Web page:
Legacy is the meaningful and complex way in which information, values, and possessions are passed on to others. As digital systems and information become meaningfully parts of people’s everyday and social relationships, it is essential to develop new insights about how technology intersects with legacy and inheritance practices. To investigate further how digital materials might be passed down in the future, we designed three fully functional interactive systems: BlackBox, DataFade, and BitLogic.
BlackBox is a file and photo archiving site. Users are prompted to upload documents and photographs, which are organized by the system. The user selects which of these files they would like to upload, and drags visual representations of those files into a large box on the right hand side of the screen. Upon hitting submit, any files that have been dragged into the box are then processed by the system, and the user is given a link they can use to “re-visit” their files. Unlike a traditional archiving service, however, users who visit the link provided to them when they uploaded their files do not have the ability to access the files. Instead, they are greeted by a message describing the uploaded files and providing information about how long the files have been there. In presenting only data about the files, this system plays on the idea of “purging” through storage. People often place objects in a box, and store that box out of sight, as a way of reducing clutter, keeping things safe, and fulfilling obligations to hold on to mementos. BlackBox intentionally pushes this idea to an extreme, provoking users to contemplate how they view the ownership, lifespan, and safe-keeping of their digital files.
DataFade is a photo archiving site that allows users to upload a picture and watch it decay over time. Upon visiting the site, users are invited to upload a photo, and to select from a number of agents of decay. These agents are the weather at a zipcode of the users choosing, the number of online visits to the photo, and time. If a user chooses to have a photo decay in accordance with the weather, the system tracks the number of sunny and rainy days in the zip code provided. If the user chooses page visits, the system keeps track of how many times the web page is loaded. Finally, if the user chooses time, the photo will decay at a steady rate over time. Each of these agents was chosen as a digital approximation of a physical process. In the physical world, for example, a photo will decay due to exposure to the elements, through handling, and through chemical changes over time. In designing DataFade, we chose particular visual effects to represent each of these processes. These effects are demonstrated in the image of the flowers to the left. Sunshine increases the brightness of a photo, rain decreases the saturation, visits decrease the opacity, and the passage of time changes the colors of the photo to a more sepia tone.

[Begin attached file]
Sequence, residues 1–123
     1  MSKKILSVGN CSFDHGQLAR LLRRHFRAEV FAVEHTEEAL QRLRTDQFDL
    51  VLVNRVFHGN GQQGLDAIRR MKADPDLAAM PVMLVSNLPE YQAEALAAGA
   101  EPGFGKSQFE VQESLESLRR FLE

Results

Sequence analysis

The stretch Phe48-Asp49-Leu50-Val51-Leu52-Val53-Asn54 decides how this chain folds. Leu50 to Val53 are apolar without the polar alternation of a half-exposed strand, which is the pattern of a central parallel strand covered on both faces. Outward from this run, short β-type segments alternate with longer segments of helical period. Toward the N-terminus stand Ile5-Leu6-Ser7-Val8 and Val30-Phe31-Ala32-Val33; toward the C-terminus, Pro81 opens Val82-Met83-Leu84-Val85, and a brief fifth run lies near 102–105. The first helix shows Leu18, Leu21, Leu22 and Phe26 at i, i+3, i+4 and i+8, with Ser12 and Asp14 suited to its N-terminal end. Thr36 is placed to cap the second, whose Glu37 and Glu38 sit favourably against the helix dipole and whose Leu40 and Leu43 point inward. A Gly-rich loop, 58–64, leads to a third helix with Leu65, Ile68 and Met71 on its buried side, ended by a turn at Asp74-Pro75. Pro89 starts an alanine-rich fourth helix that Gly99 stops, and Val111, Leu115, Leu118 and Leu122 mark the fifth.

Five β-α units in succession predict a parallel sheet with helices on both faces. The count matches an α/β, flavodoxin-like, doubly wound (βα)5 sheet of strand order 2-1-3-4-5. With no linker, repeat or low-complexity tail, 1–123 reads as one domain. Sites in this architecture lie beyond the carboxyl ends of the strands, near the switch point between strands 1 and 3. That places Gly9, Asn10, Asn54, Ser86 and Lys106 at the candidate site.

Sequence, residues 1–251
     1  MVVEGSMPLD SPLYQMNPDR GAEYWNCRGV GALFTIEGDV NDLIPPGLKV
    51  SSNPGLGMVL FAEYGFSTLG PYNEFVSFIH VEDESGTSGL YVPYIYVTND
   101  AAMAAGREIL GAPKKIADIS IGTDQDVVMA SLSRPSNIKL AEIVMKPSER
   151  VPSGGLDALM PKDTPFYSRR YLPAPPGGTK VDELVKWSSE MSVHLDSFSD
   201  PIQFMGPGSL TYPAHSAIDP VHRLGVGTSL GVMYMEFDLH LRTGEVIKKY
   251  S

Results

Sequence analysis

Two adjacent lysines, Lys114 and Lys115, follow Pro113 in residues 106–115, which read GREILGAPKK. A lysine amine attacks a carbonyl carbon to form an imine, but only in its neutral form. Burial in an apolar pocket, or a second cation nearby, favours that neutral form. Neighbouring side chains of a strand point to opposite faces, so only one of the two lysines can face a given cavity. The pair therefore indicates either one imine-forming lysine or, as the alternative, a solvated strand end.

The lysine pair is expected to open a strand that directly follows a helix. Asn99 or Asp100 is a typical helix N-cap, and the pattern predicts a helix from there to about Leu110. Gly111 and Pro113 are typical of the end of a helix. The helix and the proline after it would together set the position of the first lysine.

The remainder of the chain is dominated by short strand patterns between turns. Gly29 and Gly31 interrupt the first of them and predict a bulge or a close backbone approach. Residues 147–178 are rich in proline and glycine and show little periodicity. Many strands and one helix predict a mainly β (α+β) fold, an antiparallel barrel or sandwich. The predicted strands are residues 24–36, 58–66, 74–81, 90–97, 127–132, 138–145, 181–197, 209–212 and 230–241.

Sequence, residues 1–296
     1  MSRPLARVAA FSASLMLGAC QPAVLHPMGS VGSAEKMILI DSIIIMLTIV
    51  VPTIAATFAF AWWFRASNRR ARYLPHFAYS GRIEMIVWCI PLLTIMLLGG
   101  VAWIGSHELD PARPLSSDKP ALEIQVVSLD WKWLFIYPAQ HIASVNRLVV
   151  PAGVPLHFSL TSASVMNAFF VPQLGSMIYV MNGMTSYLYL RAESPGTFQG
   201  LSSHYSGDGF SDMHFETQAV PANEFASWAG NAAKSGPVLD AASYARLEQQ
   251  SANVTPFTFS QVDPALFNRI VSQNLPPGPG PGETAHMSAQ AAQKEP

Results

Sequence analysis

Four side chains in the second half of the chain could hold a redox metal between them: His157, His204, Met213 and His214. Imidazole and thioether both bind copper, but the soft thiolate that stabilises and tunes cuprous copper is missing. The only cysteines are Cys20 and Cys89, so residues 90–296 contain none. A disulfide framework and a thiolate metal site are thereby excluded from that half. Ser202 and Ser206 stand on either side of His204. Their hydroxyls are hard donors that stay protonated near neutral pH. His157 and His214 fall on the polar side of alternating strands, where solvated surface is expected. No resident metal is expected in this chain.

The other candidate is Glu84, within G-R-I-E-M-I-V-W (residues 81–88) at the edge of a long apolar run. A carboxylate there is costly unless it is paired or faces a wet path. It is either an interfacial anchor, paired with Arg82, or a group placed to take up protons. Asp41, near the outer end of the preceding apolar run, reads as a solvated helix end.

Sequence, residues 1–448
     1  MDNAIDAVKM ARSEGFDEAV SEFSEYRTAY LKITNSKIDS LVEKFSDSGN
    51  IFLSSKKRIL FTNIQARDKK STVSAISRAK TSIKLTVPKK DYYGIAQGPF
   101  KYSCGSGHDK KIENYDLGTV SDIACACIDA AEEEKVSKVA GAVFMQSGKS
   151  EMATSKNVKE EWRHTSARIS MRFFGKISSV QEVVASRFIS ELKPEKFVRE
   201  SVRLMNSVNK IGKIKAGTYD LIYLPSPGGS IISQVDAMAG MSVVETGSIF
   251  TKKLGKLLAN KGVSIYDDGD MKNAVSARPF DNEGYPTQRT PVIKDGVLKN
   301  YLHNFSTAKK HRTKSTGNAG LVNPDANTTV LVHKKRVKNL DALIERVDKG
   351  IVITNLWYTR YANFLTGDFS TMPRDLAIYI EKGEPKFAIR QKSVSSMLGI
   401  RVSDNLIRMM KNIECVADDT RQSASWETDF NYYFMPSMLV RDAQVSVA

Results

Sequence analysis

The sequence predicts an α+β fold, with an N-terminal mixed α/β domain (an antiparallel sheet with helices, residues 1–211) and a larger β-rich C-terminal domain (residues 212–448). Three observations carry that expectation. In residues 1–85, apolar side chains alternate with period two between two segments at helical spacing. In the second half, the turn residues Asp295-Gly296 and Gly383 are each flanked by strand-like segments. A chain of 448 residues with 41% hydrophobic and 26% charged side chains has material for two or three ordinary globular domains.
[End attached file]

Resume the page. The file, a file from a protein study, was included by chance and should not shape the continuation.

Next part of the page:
BitLogic is a photo archiving site that allows users to upload a single photo at a time. The photo will, over the course of 30 days, decay along a digital spectrum that we devised. In contrast to the process of physical decay, which generally occurs in a familiar manner through exposure to various agents, digital decay is a less familiar process. Digital files typically exist in one of two states: either they are accessible or not. With BitLogic, however, we wanted to explore what it might mean for digital things to decay over time and to exhibit signs of decay without relying on affordances from the physical world. Photos uploaded to this system decay from their original state, in which they have evocative and personal meaning to the user, to digital data, which is far more meaningful to a digital system. We designed two stages of digital decay into BitLogic. In the first stage, the photo is increasingly distorted by noise and loses opacity. In the second stage, as the noisy photo nears transparency, the photo is slowly replaced by a field of binary 0s and 1s, representing bits.
We conducted in-home interviews with ten parents using the systems to provoke discussion about how technology might support or complicate their existing practices. Sessions revealed parents desired to treat their digital information in ways not fully supported by technology. Findings are interpreted to describe design considerations for future work in this emerging space.
Rebecca Gulotta, William Odom, Jodi Forlizzi, and Haakon Faste. 2013. Digital artifacts as legacy: exploring the lifespan and value of digital data. In Proceedings of the SIGCHI Conference on Human Factors in Computing Systems (CHI ’13). ACM, New York, NY, USA, 1813-1822. (Local Copy, ACM Link) *Best Paper Honorable Mention Award*